The opinion of the court was delivered by: KENNEDY
This case concerns a challenge to an October 10, 1996, decision of the Department of Energy's Office of Hearings and Appeals ("OHA") that awarded refunds totaling $ 1,746,845 to five refiner-cooperatives. A refiner-cooperative is a marketing association comprised of smaller petroleum refining operations, some or all of which may also be end users of refined petroleum products. The OHA refund award at issue in this case included $ 1,640,303 awarded on the condition that the refiner-cooperatives pass the refunds through to their members. Plaintiffs contend that the refiner-cooperatives were entitled to refunds only in their capacity as refiners, not in their capacity as representatives of end users, and that the OHA's decision was therefore in error.
Presently before the court are plaintiffs' motion for summary judgment, defendant's motion to dismiss or for summary judgment, and intervenor-defendants' motion for summary judgment.
Upon consideration of the motions, the responses thereto, and the entire record of this case, the court concludes that plaintiffs' motion for summary judgment must be denied and defendants' and intervenor-defendants' motions for summary judgment must be granted.
Pursuant to the Emergency Petroleum Allocation Act ("EPAA"), 15 U.S.C. 751 et seq., the Department of Energy ("DOE") in 1974 capped the price of oil from low production oil wells, commonly called "stripper wells." Ruling 1974-29, 39 Fed. Reg. 44414 (Dec. 24, 1974). The validity of the ruling was challenged in federal district court in Kansas. That court enjoined enforcement of the ruling pending a decision on its validity, thus allowing oil producers to sell at the typically higher market price, rather than at the DOE's controlled price. In re Dep't of Energy Stripper Well Exemption Litigation, 520 F. Supp. 1232, 1275 (D. Kan. 1981). The difference between the market price and the controlled price was deposited in an escrow account with the court. Subsequently, the Temporary Emergency Court of Appeals found the ruling valid and remanded the case to the district court to enter judgment for DOE. 690 F.2d 1375 (Temp. Emer. Ct. App. 1982), cert. denied, 459 U.S. 1127 (1983).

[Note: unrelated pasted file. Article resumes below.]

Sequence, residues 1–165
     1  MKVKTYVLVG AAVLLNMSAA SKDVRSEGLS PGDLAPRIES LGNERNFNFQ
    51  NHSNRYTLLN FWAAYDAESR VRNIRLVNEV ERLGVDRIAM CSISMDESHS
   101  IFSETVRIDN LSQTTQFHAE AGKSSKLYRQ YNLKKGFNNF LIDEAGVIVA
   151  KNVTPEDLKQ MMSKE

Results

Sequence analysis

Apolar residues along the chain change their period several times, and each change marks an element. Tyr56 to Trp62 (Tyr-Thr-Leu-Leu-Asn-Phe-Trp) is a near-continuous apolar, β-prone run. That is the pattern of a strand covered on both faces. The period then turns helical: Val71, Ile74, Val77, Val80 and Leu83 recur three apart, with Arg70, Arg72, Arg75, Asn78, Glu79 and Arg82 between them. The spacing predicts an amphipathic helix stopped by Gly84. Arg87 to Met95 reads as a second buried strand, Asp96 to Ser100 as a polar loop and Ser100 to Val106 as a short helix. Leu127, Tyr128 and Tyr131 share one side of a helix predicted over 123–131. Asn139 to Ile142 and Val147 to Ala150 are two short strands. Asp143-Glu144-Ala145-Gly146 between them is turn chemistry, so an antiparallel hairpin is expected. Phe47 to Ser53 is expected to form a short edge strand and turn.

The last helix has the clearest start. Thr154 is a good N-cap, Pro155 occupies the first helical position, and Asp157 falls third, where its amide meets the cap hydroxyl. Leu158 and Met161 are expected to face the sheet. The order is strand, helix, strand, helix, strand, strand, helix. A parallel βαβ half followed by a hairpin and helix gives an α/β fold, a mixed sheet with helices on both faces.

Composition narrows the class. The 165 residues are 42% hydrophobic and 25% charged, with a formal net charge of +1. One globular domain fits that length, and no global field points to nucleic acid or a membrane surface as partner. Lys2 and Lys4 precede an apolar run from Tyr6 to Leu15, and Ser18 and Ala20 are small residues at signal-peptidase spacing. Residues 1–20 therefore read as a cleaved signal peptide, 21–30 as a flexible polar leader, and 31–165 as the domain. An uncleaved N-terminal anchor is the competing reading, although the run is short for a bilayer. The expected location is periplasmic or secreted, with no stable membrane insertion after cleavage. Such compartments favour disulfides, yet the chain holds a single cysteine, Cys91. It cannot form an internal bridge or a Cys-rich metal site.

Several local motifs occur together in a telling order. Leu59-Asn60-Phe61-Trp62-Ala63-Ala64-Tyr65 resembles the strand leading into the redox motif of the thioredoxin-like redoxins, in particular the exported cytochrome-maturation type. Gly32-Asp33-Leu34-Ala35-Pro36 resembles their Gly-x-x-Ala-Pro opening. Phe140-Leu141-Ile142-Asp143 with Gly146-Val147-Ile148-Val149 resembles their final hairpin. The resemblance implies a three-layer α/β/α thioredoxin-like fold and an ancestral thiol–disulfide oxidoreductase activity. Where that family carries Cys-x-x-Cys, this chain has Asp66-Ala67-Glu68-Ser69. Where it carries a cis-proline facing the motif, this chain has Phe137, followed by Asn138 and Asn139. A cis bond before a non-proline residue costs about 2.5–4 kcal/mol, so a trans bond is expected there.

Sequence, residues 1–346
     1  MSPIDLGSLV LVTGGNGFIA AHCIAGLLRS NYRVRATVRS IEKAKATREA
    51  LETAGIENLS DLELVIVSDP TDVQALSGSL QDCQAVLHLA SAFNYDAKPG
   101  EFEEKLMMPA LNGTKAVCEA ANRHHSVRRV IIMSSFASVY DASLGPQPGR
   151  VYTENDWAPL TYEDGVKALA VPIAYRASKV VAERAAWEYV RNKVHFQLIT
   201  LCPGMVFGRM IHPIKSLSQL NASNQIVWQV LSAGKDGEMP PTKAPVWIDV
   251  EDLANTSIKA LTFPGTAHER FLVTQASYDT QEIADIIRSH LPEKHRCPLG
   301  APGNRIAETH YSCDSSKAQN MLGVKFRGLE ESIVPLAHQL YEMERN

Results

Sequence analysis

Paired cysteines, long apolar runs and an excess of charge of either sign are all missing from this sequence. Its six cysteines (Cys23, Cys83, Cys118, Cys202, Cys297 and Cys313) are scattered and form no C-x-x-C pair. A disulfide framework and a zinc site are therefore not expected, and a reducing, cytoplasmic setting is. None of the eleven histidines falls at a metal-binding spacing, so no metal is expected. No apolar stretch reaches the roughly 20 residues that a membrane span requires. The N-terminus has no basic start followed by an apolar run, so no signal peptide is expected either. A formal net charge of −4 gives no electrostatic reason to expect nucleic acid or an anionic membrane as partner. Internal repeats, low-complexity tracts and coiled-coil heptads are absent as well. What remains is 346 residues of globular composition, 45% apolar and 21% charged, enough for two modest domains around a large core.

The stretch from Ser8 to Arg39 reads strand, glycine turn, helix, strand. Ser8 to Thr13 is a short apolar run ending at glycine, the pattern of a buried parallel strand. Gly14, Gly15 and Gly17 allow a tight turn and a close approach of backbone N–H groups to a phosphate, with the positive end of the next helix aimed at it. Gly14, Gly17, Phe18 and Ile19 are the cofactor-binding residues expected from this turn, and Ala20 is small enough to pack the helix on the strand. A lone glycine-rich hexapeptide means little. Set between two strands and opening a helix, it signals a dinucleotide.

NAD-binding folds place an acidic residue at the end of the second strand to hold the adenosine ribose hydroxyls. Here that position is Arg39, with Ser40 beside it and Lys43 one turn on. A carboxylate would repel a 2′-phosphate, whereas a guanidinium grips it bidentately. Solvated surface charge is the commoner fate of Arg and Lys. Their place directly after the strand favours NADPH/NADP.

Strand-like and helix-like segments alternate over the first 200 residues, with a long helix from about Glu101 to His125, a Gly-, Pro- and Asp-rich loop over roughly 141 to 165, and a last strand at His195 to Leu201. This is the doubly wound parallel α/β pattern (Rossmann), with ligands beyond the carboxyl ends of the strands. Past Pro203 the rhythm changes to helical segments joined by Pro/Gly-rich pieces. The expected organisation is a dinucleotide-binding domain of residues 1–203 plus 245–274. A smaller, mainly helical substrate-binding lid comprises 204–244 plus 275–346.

Under the district court's order, DOE was to distribute the funds in the escrow account, predicted to total between $ 4 billion and $ 5 billion, among those who were injured by the overcharges. The refiners argued that they had absorbed all of the excess costs, while the end users of the refined oil (e.g., airlines, power companies) argued that the costs had been passed on to them. After a public comment period and extensive hearings, DOE concluded that it was impossible to trace directly the impact of the crude oil overcharges, as the overcharges were passed on to purchasers of the crude oil, called "refiners," who, in turn, passed on the overcharges to purchasers of the refined oil, called "end users." DOE's Office of Hearings and Appeals was charged with determining generally who absorbed what percent of a crude oil overcharge. OHA found that refiners generally absorbed 2.7 to 8.1 percent of the overcharges while an estimated 91.9 to 97.3 percent of the overcharges were passed on to end users.